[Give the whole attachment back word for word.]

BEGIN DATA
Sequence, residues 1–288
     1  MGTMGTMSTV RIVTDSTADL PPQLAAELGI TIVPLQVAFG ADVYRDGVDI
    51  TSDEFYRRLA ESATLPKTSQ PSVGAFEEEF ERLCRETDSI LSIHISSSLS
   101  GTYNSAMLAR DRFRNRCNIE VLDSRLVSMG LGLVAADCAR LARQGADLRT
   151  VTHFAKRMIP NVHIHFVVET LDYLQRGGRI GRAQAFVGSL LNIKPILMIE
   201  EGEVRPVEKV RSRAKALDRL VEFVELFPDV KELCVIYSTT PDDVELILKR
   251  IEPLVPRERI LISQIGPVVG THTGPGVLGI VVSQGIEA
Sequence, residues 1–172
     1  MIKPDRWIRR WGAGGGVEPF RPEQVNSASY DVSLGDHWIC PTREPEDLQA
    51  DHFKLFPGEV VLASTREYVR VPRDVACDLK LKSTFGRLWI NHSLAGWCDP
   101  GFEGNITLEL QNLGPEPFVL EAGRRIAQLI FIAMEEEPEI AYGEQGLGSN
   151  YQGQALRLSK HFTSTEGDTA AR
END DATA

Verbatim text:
Sequence, residues 1–288
     1  MGTMGTMSTV RIVTDSTADL PPQLAAELGI TIVPLQVAFG ADVYRDGVDI
    51  TSDEFYRRLA ESATLPKTSQ PSVGAFEEEF ERLCRETDSI LSIHISSSLS
   101  GTYNSAMLAR DRFRNRCNIE VLDSRLVSMG LGLVAADCAR LARQGADLRT
   151  VTHFAKRMIP NVHIHFVVET LDYLQRGGRI GRAQAFVGSL LNIKPILMIE
   201  EGEVRPVEKV RSRAKALDRL VEFVELFPDV KELCVIYSTT PDDVELILKR
   251  IEPLVPRERI LISQIGPVVG THTGPGVLGI VVSQGIEA
Sequence, residues 1–172
     1  MIKPDRWIRR WGAGGGVEPF RPEQVNSASY DVSLGDHWIC PTREPEDLQA
    51  DHFKLFPGEV VLASTREYVR VPRDVACDLK LKSTFGRLWI NHSLAGWCDP
   101  GFEGNITLEL QNLGPEPFVL EAGRRIAQLI FIAMEEEPEI AYGEQGLGSN
   151  YQGQALRLSK HFTSTEGDTA AR